Liberty in Fashion

This year Liberty of London turns 140 years old; favourite purveyor of fine fabrics, the decorative arts and department store-based fantasies. In October the Fashion and Textile Museum in Bermondsey, London opened their exhibition ‘Liberty in Fashion’ to mark the occasion and celebrate Liberty’s most visible contribution to British design.

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On a blustery, rainy Saturday morning in November (when I probably should have been squirreled away in a library doing MA course work) I trekked south of the river for a day of unashamed textile ‘geekery’. I was at the F & T museum with the express purpose of undertaking an introductory course in textile weaving with the added incentive of a quick look around the Liberty exhibit once I had proved my worth as a weaver.

Master Weaver Caron Penney and her unwavering patience and enthusiasm, took the class of a dozen with varying skill-levels during a seven-hour crash course in the techniques of tapestry weaving. I got carried away with pink, black, white and silver glitter threads and powered through a 4 x 3” patch (tapestry is not a race). In a testament to Caron’s own skills, we all got quite ambitious with our techniques and I would urge anyone curious to keep an eye out for the many classes she runs throughout the country.

Work in progress

Work in progress

The finished product

The finished product

On a textile induced high, fingers buzzing with a new skill (“I could make a rug if I wanted!”) I breezed through the ‘Liberty in Fashion’ exhibition before the museum closed. There are over 150 examples of textiles and garments spanning Liberty’s lifetime, from the heritage of late 19th century Aesthetic dress and 20th century Art Nouveau designs, through to collaborations with Yves Saint Laurent and Vivienne Westwood. The beauty of the exhibition, and it really is hard not to call it beautiful, is the drawing of a concurrent thread through a century of British Fashion. Pattern is king at Liberty, but the emphasis on fabric production lends accessibility to the garments. Liberty doesn’t draw a distinction between the high and low, and while Manolo Blahnik may be covering his iconic shoes in the Hesketh print this November, your Grandmother could be using that same fabric to make her handkerchiefs.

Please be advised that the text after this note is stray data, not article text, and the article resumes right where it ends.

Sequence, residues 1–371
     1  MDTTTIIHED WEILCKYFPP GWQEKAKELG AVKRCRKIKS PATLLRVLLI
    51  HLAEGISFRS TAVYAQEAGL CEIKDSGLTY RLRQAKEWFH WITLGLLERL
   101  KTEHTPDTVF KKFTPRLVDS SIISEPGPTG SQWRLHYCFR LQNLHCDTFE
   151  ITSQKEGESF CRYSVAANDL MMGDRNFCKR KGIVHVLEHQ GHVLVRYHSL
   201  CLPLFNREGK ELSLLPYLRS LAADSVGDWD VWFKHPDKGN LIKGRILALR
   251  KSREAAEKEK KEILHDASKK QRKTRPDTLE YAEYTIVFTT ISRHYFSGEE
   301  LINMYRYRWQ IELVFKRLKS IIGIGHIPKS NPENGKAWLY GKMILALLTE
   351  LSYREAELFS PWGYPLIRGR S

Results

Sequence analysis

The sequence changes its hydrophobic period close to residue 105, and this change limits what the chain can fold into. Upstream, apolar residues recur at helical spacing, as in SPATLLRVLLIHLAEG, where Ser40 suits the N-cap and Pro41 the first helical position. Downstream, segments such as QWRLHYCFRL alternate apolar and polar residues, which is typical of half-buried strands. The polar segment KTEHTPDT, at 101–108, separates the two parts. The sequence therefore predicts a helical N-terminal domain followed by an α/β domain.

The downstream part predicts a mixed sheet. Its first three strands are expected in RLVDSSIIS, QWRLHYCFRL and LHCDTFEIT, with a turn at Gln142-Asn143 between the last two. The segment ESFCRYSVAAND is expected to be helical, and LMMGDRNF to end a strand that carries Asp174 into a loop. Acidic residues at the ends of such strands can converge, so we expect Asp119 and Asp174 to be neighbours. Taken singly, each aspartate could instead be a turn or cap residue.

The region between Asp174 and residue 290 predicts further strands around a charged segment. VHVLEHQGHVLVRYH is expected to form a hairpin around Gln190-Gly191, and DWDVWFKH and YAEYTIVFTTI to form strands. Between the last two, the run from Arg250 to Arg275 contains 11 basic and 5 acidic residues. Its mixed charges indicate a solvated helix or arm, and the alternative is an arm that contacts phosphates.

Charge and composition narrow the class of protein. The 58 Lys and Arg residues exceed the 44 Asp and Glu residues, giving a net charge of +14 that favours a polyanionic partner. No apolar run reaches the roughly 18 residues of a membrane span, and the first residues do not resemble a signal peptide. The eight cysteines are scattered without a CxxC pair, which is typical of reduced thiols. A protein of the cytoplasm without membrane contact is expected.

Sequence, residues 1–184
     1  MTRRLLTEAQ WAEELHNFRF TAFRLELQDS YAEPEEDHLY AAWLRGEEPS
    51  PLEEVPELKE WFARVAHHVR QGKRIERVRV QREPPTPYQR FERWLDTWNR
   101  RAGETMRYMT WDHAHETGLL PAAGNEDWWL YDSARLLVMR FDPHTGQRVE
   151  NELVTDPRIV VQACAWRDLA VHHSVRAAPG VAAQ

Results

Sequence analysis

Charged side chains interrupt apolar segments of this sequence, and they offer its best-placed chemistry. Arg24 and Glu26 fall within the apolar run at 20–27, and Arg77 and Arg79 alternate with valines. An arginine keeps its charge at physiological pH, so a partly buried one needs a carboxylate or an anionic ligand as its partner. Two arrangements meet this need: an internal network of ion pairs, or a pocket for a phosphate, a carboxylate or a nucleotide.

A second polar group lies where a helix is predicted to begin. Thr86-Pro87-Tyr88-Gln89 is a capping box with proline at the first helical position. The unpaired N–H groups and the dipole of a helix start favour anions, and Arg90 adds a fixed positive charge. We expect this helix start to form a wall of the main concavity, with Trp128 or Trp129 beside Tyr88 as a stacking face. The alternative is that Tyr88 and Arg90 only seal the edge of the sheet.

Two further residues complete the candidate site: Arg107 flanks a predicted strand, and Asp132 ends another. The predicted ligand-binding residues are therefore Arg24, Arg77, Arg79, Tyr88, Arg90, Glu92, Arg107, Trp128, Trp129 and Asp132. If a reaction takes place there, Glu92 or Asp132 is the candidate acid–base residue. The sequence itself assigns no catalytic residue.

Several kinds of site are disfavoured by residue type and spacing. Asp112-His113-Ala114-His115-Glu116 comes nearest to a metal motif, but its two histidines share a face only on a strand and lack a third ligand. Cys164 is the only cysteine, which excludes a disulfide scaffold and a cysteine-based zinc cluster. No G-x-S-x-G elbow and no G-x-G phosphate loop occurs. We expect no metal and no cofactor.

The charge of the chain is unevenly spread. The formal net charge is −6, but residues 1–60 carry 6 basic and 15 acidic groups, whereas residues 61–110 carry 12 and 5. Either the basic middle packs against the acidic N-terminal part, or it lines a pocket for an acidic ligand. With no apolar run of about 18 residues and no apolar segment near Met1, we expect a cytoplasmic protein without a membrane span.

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‘Liberty in Fashion’ is open at the Fashion & Textile Museum until February 28, 2016.

Opening times and tickets available here: http://www.ftmlondon.org/ftm-exhibitions/liberty-in-fashion/

Caron Penney has worked with artists like Tracey Emin, and now runs her own Tapestry studio called Weftfaced. Dates for her workshops can be found there: http://www.weftfaced.com